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Culture Eats Strategy for breakfast

Hannah Barkoff, Market Specialist DACH

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“Culture Eats Strategy for breakfast”** (Drucker in Witzman 2016)

An insight-led approach to bridging cultural boundaries across business practices between Ireland and Germany.

In essence, there are three elements that need to be designed together and be aligned to create true organisational transformation: strategy, capabilities and culture Rick (Rick,T 2014). Culture here can be seen as internal company culture and managing external cultural difference and its impact on own business success.

Hofstede (Hofstede insights, 2021), in-line with Rick (Rick.T,2014) emphasises the importance of awareness around cultural differences and how these play a major role in success or failure of internationalisation of a company.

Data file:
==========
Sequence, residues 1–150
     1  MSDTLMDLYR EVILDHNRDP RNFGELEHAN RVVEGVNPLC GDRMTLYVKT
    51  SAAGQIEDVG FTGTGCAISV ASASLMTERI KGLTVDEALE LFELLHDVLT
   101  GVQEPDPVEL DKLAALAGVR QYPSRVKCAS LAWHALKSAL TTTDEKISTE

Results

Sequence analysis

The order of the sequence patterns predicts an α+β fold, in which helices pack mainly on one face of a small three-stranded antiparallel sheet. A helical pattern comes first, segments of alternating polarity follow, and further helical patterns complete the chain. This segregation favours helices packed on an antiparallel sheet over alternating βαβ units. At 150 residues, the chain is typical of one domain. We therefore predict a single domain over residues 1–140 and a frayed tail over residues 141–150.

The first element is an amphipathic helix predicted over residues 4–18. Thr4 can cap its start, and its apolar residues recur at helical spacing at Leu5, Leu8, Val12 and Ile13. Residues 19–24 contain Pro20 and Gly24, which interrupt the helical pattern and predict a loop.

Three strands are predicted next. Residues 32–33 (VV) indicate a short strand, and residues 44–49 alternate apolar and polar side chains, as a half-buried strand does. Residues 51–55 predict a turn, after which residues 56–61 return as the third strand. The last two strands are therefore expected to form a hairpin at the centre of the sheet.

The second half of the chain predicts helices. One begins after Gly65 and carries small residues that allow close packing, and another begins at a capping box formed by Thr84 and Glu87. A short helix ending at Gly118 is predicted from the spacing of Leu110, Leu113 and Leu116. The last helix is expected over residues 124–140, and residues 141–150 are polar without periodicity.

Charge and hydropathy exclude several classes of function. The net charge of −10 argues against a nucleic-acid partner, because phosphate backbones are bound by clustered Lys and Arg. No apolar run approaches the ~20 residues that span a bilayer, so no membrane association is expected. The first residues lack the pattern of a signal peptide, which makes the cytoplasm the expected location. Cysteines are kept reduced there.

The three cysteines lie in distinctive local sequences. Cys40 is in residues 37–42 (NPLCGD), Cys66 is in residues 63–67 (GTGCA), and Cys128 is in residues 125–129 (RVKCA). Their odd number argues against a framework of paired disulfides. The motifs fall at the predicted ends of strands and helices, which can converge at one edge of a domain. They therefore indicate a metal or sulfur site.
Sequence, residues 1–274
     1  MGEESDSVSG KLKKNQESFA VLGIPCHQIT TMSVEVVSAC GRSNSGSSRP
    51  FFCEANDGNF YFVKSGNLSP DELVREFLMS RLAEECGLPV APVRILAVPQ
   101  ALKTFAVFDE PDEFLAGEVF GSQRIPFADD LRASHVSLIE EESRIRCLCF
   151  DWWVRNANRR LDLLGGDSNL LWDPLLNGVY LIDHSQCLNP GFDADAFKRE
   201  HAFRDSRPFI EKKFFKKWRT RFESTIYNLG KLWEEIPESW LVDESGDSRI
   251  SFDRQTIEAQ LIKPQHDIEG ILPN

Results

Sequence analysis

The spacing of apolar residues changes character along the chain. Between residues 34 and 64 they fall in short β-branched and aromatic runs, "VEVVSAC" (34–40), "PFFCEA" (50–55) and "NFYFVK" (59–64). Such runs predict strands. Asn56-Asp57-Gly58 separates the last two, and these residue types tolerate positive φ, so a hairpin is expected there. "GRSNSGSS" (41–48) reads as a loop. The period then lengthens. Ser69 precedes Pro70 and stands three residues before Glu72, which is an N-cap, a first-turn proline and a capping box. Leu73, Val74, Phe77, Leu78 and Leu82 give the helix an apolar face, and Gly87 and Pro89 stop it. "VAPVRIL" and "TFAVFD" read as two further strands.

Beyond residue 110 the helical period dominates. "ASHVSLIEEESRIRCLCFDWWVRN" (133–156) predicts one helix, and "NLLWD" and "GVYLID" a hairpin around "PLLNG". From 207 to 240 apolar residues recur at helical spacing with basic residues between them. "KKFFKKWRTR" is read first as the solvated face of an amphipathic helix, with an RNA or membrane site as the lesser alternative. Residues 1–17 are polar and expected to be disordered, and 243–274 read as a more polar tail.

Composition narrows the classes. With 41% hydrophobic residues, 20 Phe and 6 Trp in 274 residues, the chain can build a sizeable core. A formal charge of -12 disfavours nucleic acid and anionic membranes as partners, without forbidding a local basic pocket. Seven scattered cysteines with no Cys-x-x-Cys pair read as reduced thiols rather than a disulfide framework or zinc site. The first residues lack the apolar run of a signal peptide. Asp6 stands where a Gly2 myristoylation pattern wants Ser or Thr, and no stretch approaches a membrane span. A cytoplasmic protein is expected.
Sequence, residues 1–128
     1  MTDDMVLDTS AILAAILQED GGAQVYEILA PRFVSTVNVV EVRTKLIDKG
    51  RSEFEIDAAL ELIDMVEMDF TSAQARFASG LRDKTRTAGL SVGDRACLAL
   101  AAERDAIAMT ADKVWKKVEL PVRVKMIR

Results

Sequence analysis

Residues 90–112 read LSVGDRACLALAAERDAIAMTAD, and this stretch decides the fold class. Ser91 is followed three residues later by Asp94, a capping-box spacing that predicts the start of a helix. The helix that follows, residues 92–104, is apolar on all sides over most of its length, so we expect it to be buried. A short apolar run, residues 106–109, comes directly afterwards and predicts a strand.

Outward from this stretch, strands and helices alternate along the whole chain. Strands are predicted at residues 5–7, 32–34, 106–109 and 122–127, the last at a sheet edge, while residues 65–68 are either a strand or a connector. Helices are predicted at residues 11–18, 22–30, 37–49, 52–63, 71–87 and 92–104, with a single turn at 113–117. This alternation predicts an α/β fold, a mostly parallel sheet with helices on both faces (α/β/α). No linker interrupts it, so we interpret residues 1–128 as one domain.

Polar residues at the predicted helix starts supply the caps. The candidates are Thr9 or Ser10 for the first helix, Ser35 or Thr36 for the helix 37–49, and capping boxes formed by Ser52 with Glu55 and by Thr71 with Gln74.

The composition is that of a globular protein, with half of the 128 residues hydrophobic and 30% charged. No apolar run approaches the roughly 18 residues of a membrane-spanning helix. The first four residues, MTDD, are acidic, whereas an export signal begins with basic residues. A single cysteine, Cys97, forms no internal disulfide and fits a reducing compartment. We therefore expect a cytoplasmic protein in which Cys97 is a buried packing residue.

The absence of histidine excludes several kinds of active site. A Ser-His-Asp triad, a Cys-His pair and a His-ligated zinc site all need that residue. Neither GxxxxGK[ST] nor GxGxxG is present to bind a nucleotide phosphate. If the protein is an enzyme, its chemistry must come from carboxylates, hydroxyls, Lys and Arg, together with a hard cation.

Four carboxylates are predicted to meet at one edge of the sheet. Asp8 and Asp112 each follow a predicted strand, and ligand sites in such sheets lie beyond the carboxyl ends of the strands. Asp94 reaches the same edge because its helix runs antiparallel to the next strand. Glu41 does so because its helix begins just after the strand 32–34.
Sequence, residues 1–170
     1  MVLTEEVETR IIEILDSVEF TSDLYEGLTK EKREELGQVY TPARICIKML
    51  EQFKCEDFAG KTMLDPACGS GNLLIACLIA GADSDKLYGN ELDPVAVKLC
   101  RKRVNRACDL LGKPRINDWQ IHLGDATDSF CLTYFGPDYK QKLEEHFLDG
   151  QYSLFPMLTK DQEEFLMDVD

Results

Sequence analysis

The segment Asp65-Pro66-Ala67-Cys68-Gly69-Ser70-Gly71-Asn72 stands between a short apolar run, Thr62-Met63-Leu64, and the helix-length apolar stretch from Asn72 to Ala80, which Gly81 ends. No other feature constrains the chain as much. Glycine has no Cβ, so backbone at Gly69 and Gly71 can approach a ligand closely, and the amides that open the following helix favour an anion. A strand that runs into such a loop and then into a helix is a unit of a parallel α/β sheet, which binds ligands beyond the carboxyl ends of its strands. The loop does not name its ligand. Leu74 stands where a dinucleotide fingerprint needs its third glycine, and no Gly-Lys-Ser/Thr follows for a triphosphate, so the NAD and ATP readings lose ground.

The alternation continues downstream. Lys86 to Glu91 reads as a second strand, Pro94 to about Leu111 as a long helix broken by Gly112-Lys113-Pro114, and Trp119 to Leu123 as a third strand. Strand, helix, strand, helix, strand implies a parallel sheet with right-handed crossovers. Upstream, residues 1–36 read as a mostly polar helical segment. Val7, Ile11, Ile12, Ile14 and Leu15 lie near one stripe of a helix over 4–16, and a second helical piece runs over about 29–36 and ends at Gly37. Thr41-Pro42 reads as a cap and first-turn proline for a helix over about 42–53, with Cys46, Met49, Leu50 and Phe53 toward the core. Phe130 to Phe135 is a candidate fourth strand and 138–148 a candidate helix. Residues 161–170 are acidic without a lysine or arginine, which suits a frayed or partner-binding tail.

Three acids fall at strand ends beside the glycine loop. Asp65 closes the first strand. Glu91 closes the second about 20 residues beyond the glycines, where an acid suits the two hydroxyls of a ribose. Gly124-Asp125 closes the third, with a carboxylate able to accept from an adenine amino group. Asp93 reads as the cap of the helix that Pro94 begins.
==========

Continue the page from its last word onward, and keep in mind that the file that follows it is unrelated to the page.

For exporting business, understanding the cultural difference that exist in business etiquette across borders can make or break success.

Research by Hofstede has since the late 1900’s been identifying key global cultural differences across business and people and has conceptualised frameworks to aid internationally operating businesses in mitigating the negative effects of lack of cultural awareness. This led to the development of a key framework and six different cultural dimensions which aid operations in understanding cultural differences in business practices across cultures (Hofstede 2021). Hofstede’s “Culture Compass” is a tool that has been conceptualised to look at these six key cultural differences in business environments, and give insight into what cultural adaptions can aid companies in succeeding in international markets. Focussing in on doing business in the German market, figure one outlines cultural differences between Irish and German mind-sets in Hofstede’s’ six dimensions. Blue depicts the German scoring, purple the Irish. Hofstede’s theory based on these six cultural differentiators, visualises clearly where Irish culture and German culture differs, where they are similar and what elements need particular attention.